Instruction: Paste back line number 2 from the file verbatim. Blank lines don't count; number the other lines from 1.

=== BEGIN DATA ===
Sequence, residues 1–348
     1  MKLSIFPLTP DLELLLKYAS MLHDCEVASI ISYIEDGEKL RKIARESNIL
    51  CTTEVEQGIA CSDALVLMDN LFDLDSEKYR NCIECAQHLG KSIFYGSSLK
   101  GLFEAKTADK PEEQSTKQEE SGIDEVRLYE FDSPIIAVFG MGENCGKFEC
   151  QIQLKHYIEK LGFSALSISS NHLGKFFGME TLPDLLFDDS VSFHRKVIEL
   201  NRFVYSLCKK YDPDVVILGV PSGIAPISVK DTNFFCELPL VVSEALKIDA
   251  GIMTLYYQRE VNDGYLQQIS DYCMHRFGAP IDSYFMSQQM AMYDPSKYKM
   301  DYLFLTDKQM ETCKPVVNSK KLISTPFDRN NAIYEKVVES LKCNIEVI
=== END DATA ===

     1  MKLSIFPLTP DLELLLKYAS MLHDCEVASI ISYIEDGEKL RKIARESNIL